Henri Van Herwegen, the Belgian artist known as Panamarenko, has died at the age of 79 after being taken ill suddenly.
Panamarenko was born in Antwerp into a family of boat repairers, and at the age of 15 went to study art at the Fine Arts Academy there. His first major work was a flying machine called Das Flugzeug (German for aeroplane). He would be fascinated by flying machines, both fantastical and perfectly operational, for the rest of his career, whether as actual constructions, models or drawings. A year after Das Flugzeug he broke through internationally with an exhibition in the state art academy in Düsseldorf.
Later works included a Zeppelin called The Aeromodeller, Archaeopteryx, a chicken disguised to look like the prehistoric flying dinosaur, and Pahama Novaya Zemblaya, a submarine, a sort of underwater flying machine.
In 2005 he became the first living Belgian artist ever to be given a retrospective exhibition in the Fine Arts Museum in Brussels. It attracted 72,000 visitors, and afterwards he announced his retirement, claiming he had made enough of his objects, and no longer had enough room to stock them all. De Standaard recounts an interview he gave to the paper in that same year, when the question of inspiration came up. He was asked if he believed in such a thing.
“Yes, it exists,” he replied. “Without it, everything is just DIY work. You start off with an idea, and something gets added on along the way. Then, while you’re busy trying out things and changing everything, you suddenly find something that makes all that ironmongery into something beautiful. Personally I have no idea where it comes from. It’s as if beauty falls out of the air; it’s all there of a sudden. If you ask me, it’s all about desire. You have to want really badly to build a submarine to be able to make something that has the poetry of a submarine in it. To make good work, you first have to be lazy for a time, with nothing at all to do. That’s when you begin to think and play with ideas, and then something can grow out of that.”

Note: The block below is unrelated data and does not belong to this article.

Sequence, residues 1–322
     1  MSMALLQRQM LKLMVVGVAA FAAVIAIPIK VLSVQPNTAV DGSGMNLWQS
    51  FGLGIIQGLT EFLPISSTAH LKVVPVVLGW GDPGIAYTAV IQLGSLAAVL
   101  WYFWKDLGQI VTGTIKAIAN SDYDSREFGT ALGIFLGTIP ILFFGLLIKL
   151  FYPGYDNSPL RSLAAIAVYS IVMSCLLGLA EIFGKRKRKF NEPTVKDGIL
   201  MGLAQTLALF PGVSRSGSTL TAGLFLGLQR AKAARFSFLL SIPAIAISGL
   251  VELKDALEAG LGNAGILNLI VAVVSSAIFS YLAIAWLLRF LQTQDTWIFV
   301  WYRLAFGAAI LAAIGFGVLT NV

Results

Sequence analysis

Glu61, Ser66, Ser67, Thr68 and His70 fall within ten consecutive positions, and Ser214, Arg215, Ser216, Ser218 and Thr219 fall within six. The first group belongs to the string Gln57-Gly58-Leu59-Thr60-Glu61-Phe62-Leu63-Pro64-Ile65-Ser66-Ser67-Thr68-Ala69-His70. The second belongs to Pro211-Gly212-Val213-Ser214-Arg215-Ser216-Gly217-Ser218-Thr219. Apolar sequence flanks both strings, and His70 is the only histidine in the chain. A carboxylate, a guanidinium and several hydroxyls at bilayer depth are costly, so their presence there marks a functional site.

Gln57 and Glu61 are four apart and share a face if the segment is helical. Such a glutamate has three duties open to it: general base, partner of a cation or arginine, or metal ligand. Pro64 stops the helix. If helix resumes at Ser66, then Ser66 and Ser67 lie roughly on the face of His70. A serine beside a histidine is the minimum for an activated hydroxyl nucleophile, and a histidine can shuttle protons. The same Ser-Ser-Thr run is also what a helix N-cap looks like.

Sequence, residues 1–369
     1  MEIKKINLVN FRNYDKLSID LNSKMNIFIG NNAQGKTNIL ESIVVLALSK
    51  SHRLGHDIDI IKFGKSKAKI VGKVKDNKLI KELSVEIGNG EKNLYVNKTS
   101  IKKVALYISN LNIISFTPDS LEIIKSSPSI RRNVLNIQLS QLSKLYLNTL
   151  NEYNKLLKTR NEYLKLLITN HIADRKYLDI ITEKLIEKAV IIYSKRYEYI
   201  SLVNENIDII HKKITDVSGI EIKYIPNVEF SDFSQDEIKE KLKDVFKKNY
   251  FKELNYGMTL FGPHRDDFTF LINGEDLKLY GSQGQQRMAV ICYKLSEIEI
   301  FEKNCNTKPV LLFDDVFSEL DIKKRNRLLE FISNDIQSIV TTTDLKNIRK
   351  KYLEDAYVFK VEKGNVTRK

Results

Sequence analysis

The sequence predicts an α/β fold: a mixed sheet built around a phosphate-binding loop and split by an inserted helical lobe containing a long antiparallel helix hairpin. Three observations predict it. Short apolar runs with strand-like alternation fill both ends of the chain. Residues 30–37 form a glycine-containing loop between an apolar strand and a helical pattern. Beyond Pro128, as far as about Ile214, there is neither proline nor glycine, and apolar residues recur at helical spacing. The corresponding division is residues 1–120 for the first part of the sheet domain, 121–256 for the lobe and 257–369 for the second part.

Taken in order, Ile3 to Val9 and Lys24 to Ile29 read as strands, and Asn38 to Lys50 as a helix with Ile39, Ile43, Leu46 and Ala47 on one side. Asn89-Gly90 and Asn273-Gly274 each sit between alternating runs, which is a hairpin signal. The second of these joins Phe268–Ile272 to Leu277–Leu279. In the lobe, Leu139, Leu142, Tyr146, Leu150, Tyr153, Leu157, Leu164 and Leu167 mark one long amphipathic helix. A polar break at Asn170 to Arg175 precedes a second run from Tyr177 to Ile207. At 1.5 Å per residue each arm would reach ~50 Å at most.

Panamarenko would have turned 80 next year, and plans are already under way to mark the anniversary with a major exhibition in Campo & Campo in Borgerhout, a district of his native Antwerp, titled, in a reference to the Phineas Fogg he so embodied, Around the World in 80 Years.
“Without a doubt, Panamarenko is the most inspiring living contemporary Belgian artist,” the advance publicity reads. “His world of wonders occupies a space between pure science, technical ingenuity and childlike enthusiasm.”
Jan Jambon, Flemish minister-president and culture minister, paid tribute: “Henri Van Herwegen was one of our most outstanding visual artists. A high flyer we will not forget in a hurry. I wish strength to his family and friends.”
Fellow ministers Benjamin Dalle, Wouter Beke, Hilde Crevits and Matthias Diependaele all issued statements, as did former culture minister Sven Gatz, now in the Brussels regional government, who called Panamarenko “a powerhouse of the imagination; a poet of all that can (or cannot) fly, sail or ride.”
Cartoonist and artist Eva Mouton posted to Twitter: “In a world that seems to be getting colder, we need dreamers. One of those dreamers is now dead. But what Panamarenko leaves behind is a Universe of wonder. Let us quietly be grateful for that.”